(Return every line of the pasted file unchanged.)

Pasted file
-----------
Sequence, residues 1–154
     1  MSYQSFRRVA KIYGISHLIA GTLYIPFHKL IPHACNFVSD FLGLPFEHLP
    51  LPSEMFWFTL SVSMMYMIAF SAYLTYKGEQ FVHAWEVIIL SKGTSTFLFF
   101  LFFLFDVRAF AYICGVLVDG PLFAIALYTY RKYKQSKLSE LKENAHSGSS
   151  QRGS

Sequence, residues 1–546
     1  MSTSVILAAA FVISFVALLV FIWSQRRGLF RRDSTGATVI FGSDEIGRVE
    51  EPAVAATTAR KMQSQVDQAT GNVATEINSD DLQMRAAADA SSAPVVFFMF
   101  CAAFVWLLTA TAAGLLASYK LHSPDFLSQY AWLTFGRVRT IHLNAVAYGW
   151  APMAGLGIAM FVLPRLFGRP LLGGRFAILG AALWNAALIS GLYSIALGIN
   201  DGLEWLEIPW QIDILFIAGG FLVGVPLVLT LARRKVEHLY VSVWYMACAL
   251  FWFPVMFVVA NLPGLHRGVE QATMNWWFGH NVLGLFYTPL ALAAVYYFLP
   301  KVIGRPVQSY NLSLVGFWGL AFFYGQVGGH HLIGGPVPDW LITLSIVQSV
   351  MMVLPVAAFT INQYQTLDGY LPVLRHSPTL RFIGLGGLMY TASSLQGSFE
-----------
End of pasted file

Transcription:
Sequence, residues 1–154
     1  MSYQSFRRVA KIYGISHLIA GTLYIPFHKL IPHACNFVSD FLGLPFEHLP
    51  LPSEMFWFTL SVSMMYMIAF SAYLTYKGEQ FVHAWEVIIL SKGTSTFLFF
   101  LFFLFDVRAF AYICGVLVDG PLFAIALYTY RKYKQSKLSE LKENAHSGSS
   151  QRGS

Sequence, residues 1–546
     1  MSTSVILAAA FVISFVALLV FIWSQRRGLF RRDSTGATVI FGSDEIGRVE
    51  EPAVAATTAR KMQSQVDQAT GNVATEINSD DLQMRAAADA SSAPVVFFMF
   101  CAAFVWLLTA TAAGLLASYK LHSPDFLSQY AWLTFGRVRT IHLNAVAYGW
   151  APMAGLGIAM FVLPRLFGRP LLGGRFAILG AALWNAALIS GLYSIALGIN
   201  DGLEWLEIPW QIDILFIAGG FLVGVPLVLT LARRKVEHLY VSVWYMACAL
   251  FWFPVMFVVA NLPGLHRGVE QATMNWWFGH NVLGLFYTPL ALAAVYYFLP
   301  KVIGRPVQSY NLSLVGFWGL AFFYGQVGGH HLIGGPVPDW LITLSIVQSV
   351  MMVLPVAAFT INQYQTLDGY LPVLRHSPTL RFIGLGGLMY TASSLQGSFE